The annual Forbes list of billionaires is making news, and I’m waiting for the Left to begin the usual chorus about “income inequality” and how it’s not “fair” that these people are so wealthy. Here’s hoping we’ll be spared that nonsense. What I find really interesting about this year’s list are these facts:
Last year, I conducted a literature survey of all recent studies published in academic or professional journals that examined the relationship between government policies and state economic performance. From 1992 to 2013, there were 31 studies of economic freedom indexes. In 24 of them (77 percent), higher economic-freedom scores were associated with higher economic performance after adjusting for other factors. In the remaining seven studies, there was no statistically significant relationship. Not a single study found that higher economic freedom — which primarily means lower taxes, spending, and regulatory burdens — was statistically associated with lower economic growth.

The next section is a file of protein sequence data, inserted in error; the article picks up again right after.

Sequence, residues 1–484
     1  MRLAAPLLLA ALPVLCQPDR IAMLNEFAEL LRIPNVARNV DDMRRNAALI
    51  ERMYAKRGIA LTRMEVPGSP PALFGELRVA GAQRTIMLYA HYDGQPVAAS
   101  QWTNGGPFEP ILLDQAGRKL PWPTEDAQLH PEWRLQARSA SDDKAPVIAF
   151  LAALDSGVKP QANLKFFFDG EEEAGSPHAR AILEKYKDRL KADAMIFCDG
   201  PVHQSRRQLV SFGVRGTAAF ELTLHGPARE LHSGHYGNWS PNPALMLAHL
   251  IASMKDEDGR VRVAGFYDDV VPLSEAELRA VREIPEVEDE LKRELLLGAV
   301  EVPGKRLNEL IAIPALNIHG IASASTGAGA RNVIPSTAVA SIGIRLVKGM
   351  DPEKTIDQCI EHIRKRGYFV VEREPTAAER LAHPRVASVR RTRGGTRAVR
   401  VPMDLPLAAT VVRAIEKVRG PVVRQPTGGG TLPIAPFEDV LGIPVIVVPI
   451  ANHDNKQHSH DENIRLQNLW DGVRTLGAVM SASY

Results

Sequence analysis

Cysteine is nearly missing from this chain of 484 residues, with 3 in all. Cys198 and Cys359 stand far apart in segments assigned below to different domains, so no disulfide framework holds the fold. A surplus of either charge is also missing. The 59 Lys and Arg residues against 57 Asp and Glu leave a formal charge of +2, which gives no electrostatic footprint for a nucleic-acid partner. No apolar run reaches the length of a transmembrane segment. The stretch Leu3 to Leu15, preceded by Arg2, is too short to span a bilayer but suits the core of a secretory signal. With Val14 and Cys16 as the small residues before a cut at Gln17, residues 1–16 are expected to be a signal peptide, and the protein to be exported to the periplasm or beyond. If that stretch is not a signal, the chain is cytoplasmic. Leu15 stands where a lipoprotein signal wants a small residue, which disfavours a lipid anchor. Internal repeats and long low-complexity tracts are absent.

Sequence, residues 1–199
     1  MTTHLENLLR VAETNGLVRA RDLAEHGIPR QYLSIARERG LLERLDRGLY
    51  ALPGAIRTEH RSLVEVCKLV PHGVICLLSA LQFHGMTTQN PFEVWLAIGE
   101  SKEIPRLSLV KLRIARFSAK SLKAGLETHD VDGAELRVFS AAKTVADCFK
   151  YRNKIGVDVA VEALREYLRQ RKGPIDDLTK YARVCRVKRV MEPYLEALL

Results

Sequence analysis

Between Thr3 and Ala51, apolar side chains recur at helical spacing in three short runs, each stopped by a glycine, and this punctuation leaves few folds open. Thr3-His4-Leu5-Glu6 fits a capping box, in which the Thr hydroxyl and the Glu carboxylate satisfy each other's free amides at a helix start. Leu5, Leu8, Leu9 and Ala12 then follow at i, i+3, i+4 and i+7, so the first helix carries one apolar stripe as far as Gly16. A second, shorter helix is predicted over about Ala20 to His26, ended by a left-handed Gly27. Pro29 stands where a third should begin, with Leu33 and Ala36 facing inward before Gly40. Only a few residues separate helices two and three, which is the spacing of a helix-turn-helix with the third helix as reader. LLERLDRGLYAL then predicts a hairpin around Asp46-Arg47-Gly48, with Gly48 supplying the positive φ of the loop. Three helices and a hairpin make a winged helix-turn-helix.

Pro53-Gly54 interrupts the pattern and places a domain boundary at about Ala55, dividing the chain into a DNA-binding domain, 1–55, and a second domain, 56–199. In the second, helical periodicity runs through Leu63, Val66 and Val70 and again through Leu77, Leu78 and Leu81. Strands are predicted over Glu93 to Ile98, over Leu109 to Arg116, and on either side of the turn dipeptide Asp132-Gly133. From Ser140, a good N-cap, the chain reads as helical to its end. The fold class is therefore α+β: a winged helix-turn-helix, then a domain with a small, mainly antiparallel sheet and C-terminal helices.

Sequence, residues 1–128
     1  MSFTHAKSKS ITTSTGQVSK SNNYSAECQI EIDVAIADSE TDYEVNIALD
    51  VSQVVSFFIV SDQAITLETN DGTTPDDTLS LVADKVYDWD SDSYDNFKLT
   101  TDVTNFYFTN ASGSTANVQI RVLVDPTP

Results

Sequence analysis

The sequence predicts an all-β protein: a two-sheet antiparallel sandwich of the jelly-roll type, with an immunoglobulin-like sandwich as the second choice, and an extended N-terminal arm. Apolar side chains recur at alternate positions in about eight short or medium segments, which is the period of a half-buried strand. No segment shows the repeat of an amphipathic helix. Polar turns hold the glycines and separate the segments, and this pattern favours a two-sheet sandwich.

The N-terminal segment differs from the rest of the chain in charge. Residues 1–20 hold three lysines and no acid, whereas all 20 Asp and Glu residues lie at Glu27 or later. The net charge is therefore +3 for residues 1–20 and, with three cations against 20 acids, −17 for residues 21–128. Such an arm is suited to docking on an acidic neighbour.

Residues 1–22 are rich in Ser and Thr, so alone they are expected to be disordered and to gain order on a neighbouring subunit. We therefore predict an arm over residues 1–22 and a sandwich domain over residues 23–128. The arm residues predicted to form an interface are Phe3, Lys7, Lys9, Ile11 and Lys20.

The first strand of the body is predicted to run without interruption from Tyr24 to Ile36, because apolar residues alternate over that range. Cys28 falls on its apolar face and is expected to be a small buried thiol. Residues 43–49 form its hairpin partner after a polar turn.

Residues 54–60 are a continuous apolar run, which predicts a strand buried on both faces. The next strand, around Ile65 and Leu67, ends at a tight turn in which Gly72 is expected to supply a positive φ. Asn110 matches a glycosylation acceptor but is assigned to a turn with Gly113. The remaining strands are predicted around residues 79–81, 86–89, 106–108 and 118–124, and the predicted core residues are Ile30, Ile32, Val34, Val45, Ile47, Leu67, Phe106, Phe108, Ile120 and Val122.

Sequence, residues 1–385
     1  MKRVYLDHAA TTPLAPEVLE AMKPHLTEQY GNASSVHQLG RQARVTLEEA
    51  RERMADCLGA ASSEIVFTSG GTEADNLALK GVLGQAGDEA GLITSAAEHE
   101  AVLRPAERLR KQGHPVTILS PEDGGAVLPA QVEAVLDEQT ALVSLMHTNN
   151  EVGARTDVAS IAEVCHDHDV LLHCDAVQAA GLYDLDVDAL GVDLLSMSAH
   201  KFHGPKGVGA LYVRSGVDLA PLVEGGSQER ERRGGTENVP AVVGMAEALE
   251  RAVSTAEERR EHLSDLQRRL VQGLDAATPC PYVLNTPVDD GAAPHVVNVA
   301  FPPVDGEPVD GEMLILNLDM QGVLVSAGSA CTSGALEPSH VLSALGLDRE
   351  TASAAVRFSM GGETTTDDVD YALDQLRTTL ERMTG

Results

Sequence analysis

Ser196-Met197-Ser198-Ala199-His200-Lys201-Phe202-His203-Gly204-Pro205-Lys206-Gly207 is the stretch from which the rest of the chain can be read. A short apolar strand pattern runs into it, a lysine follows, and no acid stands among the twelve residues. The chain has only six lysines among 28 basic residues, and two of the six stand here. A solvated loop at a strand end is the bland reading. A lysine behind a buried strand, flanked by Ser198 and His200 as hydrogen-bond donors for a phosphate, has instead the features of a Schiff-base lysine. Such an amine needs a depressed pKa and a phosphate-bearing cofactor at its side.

A 2012 paper in the International Journal of Economics and Finance, for example, found that states with higher economic freedom tend to attract higher levels of investment from foreign firms, which then leads to more economic growth. A 2007 study in the Southern Economic Journalfound that states attract another form of valuable capital, people, to the extent they embrace economic freedom.